When most people had an upset stomach, they did’t carry the same implications as this. What did it mean? He wasn’t sure just yet. He was a little worried that’s for sure; what if this is how it started? What if, after everything he had been through, the virus ripped him apart while he sat there on the toilet? That wasn’t the way he thought it would happen. Not that he’d ever imagined dying before this all began, what fourteen-year-old had? What it did mean though, was that they shouldn’t be drinking the water any more, even though they had been doing their best to boil it beforehand. The implications that this carried already meant they were in trouble.

He heard another firework explode outside, this one made the place shudder. He listened for the old man; he would know what to do. He always did. Another twist in his in stomach and he twisted and convulsed as he felt like something was alive in there. He was convinced that he was about to turn into one of them. He hoped that it would be quick and he hoped that he wouldn’t be conscious for it.

“They must be in trouble”, the old man shouted. James didn’t really hear him. He was sweating, maybe it was panic or at least he was trying to convince himself it was panic. He had absolutely no idea whether it was panic, or whether he was beginning to turn. He felt faint. He leaned forwards as his stomach twisted in pain again. He took a deep breath and closed his eyes. He tried to picture things that would keep him calm, a beach first of all. It didn’t work. Then his house, and that certainly didn’t work, bearing in mind what he had left behind there. The face of his mum popped into his mind and he instantly felt a little relief. That was it, it seemed to be working. His mum made him feel much better. The old man banged something out there. The bang sounded a little panicked and then he heard a groan. A groan from a dead person.

“What was that?!” He shouted.

“SHHHHhhhhh… Stay where you are and don’t move”, Grant whispered back from the main cabin. Oh god. This can’t be good.

“Oh I’m going nowhere just yet”, James whispered. Almost on cue, his stomach turned again and what felt like the entire contents of his body fell into the toilet. Something was clambering at the side of the boat, suddenly the thin wooden walls didn’t feel safe enough. More movement in his gut and more of his intestines fell into the toilet, or so he thought. He was going to have to check this out. He slid back on the seat and looked down the pan. Thankfully he was faced with no intestines, not even any blood. He had emptied his bowels though, and that looked bad enough. He felt a little better; maybe he wasn’t dying after all.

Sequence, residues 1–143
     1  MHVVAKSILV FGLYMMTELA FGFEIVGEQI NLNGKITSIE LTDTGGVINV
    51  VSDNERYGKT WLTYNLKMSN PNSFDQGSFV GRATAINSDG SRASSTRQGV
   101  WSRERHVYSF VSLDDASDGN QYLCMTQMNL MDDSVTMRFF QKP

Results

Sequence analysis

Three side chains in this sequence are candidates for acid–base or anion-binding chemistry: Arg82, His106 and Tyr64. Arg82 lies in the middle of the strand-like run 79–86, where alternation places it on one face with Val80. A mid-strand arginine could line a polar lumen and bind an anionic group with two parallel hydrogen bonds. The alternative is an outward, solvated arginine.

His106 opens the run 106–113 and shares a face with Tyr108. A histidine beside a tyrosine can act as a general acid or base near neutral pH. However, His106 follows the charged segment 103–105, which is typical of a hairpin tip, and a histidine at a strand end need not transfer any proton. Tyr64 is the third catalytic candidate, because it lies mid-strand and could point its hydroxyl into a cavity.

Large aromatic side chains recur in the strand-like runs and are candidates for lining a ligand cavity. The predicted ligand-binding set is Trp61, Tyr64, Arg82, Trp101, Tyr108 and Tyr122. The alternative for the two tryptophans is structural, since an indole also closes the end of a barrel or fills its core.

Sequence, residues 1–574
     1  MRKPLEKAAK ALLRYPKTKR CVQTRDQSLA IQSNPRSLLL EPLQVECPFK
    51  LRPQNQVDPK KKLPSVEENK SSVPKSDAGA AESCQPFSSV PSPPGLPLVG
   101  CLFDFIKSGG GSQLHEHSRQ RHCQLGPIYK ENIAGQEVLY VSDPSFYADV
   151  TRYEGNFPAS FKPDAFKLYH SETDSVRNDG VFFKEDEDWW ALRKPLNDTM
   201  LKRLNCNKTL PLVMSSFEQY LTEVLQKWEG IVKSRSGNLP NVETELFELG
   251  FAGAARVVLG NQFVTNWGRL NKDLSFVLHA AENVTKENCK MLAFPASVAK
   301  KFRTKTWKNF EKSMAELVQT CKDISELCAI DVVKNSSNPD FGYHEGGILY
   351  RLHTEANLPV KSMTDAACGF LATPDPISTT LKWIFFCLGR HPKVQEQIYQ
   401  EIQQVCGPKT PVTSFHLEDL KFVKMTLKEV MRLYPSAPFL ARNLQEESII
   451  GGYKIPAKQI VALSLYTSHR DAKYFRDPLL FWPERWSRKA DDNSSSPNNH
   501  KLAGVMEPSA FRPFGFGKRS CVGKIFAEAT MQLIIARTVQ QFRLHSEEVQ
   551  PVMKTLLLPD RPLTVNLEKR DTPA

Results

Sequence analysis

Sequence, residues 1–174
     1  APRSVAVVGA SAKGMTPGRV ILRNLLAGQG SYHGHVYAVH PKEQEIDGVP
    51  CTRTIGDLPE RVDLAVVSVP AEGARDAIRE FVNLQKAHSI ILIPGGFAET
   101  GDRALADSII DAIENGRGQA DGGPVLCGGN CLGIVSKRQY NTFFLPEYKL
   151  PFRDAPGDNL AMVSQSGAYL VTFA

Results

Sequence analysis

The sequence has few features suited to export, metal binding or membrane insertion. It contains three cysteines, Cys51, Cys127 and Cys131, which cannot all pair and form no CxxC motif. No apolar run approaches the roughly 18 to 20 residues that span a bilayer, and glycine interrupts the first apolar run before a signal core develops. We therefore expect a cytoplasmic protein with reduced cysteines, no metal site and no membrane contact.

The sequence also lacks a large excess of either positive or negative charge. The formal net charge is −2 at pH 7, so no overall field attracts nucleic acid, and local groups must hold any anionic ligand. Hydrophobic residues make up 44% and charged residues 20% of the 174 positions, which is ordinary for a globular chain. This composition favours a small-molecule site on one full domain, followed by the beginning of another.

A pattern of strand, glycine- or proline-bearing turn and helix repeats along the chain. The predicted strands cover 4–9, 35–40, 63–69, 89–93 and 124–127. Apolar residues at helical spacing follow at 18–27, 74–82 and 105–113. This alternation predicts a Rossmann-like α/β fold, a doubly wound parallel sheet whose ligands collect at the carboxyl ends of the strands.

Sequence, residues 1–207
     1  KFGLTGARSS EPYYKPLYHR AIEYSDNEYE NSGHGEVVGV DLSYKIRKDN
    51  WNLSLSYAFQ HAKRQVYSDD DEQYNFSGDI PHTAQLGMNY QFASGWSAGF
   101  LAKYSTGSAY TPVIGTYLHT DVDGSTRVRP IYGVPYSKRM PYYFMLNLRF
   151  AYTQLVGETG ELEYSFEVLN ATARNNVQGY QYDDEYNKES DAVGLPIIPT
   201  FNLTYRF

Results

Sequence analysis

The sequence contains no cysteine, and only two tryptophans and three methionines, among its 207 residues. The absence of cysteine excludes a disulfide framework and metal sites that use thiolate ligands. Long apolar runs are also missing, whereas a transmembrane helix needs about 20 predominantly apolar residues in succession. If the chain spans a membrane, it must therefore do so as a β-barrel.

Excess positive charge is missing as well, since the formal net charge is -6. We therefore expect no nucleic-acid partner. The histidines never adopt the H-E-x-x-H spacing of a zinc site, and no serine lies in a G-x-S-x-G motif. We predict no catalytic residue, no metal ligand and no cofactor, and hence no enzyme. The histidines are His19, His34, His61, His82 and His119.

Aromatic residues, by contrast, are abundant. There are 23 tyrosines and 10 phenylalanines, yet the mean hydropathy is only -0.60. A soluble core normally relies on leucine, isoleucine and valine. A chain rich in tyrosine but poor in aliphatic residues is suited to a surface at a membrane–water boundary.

“I need to go and shut these up, stay where you are!” The old man shouted.

He would do what the old man said; the amount of trust he had in him was incredible. He looked up to him, he had done for years, the term ‘old man’ was carved purely in affection and respect. He closed his eyes again and there she was. He could feel her warmth, it gave him goosebumps on the inside and bought tears to his eyes. He would love to say that he knew she was alive, but he didn’t. What he did feel though, was that if she was alive she was giving it her best. This was enough for now, he thought. The face of his mother calmed him down enough for the sweats to stop. He sat up straight and took another deep breath.

A few minutes later the old man was back, and was gone just as quickly. James finally felt it time to leave the bathroom. For now at least.

He’d been in there for almost an hour and only now had he begun to calm down properly. His thoughts turned to Grant and what he was doing somewhere outside. The seriousness of what had happened started to sink in. The old man was out there, alone. That’s not to say he can’t handle himself, because he absolutely can, if there’s one thing James has learned over the past few weeks, it’s to see this new world through the eyes of Grant Kirkman. Do that and you might just be okay. What was worrying him however, was that the old man wasn’t what he used to be. His knee was giving him hell and since the night they had left Werrington his decisions had been rash, to say the least. Understandably so, James was worried.

He picked up the box of matches on the sideboard and lit a candle. He loved the smell the match left behind, and the hissing sound of the cool wick becoming hot was rather comforting for some reason. They had a fragranced candle which helped with the damp-old-wood-smell of the whole place, but it certainly didn’t help with the wet and the mould. The place needed a lick of paint. He looked around the boat and felt lonely. If Grant didn’t come back, this is all he had now. Him and the floating caravan.

James sat on the sofa and he waited. He waited and he hoped.